From the beginning of the record industry, American blues, jazz and rock-and-roll inspired musicians all around the world, particularly in Britain. In the mid-1960s, the proverbial turn-tables turned when British music and culture took the United States by storm. This phenomenon has come to be known as the British Invasion. American youth frenzied around British pop and rock groups such as The Rolling Stones, the Kinks, the Animals, and, perhaps most notably, the Beatles.
After the assassination of John F. Kennedy in November 1963, America was ripe to accept the spirit of The Beatles music. Walter Cronkite featured a special on the Beatles in December of that year, and after the Beatles appeared on the Ed Sullivan show in February 1964, “Beatlemania” began. The group continued to produce chart-topping hits with messages of peace and love until the group’s eventual dissolution in the 70s. Conventional American media outlets painted this counter-culture movement in a negative light, deeming it an ‘invasion.’ On the other hand, the youth that the music inspired would consider the movement a salvation during a chaotic time marked by the assassinations of JFK, RFK, MLK, the Cold War, Vietnam war, Civil Rights Movement, and more.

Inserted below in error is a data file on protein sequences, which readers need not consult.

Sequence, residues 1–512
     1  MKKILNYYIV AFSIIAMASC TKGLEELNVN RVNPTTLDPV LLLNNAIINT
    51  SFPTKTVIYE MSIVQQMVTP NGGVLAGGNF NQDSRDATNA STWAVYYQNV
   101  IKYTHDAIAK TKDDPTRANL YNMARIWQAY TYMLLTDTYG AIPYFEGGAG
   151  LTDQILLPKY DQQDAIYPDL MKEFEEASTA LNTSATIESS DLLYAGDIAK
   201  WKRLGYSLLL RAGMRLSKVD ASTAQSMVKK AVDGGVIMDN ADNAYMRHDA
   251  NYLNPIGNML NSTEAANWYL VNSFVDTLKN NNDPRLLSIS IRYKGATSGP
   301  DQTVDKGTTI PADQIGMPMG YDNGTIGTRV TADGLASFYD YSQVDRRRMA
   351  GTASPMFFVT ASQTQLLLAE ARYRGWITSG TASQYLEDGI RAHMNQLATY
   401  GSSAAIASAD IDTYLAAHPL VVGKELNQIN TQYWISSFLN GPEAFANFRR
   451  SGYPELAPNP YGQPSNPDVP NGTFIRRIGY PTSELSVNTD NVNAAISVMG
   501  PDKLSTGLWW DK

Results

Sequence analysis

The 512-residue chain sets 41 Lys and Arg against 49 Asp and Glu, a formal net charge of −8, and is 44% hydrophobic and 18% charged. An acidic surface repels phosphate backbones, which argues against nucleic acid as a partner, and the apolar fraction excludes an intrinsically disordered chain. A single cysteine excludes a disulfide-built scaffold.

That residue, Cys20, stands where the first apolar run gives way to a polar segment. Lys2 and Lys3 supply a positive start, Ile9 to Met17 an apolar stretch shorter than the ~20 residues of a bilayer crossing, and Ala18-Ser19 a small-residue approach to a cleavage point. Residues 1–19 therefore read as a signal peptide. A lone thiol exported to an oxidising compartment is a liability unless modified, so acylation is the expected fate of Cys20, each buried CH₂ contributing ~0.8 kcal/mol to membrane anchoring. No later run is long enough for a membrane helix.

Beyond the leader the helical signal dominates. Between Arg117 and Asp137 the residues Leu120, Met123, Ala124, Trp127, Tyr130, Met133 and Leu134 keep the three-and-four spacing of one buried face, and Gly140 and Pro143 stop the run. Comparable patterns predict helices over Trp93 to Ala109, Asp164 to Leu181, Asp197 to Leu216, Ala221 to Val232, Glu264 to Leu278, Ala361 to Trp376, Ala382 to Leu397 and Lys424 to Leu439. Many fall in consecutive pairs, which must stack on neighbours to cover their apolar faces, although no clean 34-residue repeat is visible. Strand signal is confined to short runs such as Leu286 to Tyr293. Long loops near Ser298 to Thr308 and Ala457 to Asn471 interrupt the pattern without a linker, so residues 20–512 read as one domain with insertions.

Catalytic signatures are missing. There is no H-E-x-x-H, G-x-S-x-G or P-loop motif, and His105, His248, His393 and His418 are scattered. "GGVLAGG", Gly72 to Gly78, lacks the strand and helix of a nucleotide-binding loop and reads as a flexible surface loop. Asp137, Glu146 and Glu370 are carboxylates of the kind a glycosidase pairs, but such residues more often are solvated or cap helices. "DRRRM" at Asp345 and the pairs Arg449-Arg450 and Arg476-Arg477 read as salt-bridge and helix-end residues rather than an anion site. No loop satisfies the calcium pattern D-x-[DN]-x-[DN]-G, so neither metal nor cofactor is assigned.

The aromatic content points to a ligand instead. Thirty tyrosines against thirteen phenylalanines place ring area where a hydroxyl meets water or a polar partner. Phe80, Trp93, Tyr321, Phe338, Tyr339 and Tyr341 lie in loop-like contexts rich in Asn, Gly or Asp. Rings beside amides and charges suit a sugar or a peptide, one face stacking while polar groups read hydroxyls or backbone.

British culture made its way beyond music into American fashion, film, television, and literature. The phenomenon continued into the early 70s, forever changing the course of global musical and cultural history.